By Robert M. Sanger | 65 Am. U. L. Rev. 87 (2015)
In Atkins v. Virginia the U.S. Supreme Court declared that executing the intellectually disabled violated the U.S. Constitution’s Eighth Amendment prohibition against cruel and unusual punishment. In Atkins, the Court relied heavily on medical standards, which indicated that individuals with an IQ of approximately or below seventy and who met the other criteria for intellectual disability were ineligible for the death penalty. Twelve years later, in Hall v. Florida, the Court evaluated a Florida statute that created a bright line rule, making anyone whose IQ was above seventy eligible for execution, regardless of other factors suggesting the defendant was, despite his IQ score, intellectually disabled. Finding the statute violated the Constitution, the Court stated that the Florida statute’s bright line rule made the possibility too great that an intellectually disabled person would be executed.
Since Atkins, some prosecution experts have begun using so-called “ethnic adjustments” to artificially raise minority defendants’ IQ scores, making defendants who would have been protected by Atkins and its progeny eligible for the death penalty. This Article details this practice, looking at several cases in which prosecutors successfully adjusted a defendant’s IQ score upward, based on his or her race. The Article then turns to the arguments put forth by these prosecutors for increasing minority defendants’ IQ scores, namely that it would be improper not to adjust the scores. Statistically, some minority cohorts tend to perform worse on tests than White cohorts; prosecutors argue that this discrepancy is not based on intellectual inferiority, but rather that there are testing biases and behavioral factors that cause minority test-takers to underperform. Thus, the argument goes, minority IQ scores should be increased to control for these biases and behavioral factors.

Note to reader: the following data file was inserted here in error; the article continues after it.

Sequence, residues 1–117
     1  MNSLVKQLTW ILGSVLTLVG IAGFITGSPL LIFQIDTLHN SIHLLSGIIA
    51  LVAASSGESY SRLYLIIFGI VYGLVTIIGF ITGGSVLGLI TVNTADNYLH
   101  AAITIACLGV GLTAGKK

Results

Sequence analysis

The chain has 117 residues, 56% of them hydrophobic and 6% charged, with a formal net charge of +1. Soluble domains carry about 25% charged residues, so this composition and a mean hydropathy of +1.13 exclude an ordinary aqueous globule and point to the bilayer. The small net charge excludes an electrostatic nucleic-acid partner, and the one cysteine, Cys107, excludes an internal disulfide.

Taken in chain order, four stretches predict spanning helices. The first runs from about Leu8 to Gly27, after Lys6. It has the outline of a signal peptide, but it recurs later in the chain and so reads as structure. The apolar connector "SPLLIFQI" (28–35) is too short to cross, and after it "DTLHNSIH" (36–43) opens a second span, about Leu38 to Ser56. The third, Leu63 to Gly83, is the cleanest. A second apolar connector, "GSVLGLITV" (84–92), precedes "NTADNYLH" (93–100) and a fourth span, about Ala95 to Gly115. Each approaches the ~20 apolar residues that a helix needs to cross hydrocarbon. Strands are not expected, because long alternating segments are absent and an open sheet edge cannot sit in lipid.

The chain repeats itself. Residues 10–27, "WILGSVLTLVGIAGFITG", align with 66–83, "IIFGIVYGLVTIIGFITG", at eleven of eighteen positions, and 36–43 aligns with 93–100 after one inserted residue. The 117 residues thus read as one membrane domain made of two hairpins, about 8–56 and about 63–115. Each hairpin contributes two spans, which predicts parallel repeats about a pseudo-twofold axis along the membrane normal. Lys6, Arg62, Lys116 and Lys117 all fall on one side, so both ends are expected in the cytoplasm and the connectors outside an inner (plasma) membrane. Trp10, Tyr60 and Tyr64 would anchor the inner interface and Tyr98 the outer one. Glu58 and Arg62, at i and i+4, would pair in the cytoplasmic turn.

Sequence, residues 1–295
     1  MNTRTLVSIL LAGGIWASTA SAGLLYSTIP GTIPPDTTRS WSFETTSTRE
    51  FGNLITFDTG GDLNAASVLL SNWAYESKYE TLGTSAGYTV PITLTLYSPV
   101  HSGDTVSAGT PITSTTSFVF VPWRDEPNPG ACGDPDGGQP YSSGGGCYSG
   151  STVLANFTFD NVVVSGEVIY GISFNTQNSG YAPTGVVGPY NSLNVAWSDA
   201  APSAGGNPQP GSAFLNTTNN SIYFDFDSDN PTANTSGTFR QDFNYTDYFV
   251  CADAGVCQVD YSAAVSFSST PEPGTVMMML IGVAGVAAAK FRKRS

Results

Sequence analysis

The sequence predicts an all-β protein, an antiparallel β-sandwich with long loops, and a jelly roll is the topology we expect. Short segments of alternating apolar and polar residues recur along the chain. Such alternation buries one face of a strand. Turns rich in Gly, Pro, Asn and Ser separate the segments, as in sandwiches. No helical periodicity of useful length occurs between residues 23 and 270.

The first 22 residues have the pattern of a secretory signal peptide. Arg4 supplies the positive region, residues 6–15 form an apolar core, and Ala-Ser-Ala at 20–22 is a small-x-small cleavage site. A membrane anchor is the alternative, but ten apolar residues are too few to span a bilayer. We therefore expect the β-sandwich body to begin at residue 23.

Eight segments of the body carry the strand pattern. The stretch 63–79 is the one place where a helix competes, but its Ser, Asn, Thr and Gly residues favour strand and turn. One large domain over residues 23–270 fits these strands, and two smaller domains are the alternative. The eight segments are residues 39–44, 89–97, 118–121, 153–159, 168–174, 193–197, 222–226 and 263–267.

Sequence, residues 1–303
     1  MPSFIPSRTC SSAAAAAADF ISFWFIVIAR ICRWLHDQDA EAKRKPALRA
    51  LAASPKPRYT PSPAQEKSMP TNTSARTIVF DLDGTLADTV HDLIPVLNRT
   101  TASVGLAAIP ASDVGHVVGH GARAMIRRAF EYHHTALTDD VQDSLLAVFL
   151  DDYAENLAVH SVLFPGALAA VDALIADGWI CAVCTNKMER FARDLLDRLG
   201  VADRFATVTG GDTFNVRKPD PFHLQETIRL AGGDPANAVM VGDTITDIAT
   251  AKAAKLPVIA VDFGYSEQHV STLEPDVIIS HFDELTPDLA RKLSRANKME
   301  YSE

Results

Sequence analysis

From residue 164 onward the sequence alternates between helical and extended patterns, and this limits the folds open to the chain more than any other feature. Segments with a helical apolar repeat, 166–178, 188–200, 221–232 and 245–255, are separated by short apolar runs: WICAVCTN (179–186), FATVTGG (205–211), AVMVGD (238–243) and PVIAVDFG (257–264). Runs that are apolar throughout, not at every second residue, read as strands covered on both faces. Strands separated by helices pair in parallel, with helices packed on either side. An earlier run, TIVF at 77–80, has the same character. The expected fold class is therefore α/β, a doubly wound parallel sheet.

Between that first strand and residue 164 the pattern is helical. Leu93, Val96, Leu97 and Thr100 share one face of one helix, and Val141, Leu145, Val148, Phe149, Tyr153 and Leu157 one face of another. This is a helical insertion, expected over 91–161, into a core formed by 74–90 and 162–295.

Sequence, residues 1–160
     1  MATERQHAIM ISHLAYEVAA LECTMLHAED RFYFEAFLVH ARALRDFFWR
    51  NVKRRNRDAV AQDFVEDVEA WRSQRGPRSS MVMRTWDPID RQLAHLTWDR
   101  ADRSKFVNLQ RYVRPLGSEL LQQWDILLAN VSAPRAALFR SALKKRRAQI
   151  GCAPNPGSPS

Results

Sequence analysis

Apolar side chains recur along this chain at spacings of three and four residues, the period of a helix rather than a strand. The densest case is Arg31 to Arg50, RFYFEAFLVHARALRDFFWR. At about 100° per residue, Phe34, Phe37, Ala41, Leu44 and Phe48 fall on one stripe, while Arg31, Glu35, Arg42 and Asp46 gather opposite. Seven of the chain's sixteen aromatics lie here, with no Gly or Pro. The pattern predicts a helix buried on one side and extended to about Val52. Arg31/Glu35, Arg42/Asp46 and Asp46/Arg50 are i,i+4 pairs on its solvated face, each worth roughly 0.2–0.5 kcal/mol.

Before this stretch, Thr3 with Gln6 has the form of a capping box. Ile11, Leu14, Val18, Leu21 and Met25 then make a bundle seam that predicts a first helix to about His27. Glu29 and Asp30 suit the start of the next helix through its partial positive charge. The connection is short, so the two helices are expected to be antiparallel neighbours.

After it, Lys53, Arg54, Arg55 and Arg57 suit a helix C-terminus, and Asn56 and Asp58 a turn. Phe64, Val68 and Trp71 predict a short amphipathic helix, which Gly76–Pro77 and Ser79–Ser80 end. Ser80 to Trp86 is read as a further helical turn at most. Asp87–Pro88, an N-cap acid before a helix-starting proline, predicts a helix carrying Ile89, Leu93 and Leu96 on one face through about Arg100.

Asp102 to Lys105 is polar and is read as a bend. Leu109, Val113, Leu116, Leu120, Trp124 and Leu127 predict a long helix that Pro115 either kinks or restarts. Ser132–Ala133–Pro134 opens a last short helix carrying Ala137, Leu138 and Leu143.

Evaluating the merits of these arguments, this Article concludes that ethnic adjustments are not logically or clinically appropriate when computing a person’s IQ score for Atkins purposes. This Article looks at epigenetics to explain the discrepancies in IQ scores, concluding that environmental factors—such as childhood abuse, poverty, stress, and trauma—can cause decreases in actual IQ scores and which can be passed down from generation to generation. Therefore, given that individuals who suffered these environmental factors disproportionately populate death row, ethnic adjustments make it more likely that individuals who are actually intellectually disabled will be put to death. Ultimately, after looking at the Supreme Court’s affirmative action jurisprudence, this Article concludes that the practice of ethnic adjustments for the purpose of determining eligibility for the death penalty violates the Fourteenth Amendment’s Equal Protection Clause and would not survive strict scrutiny.
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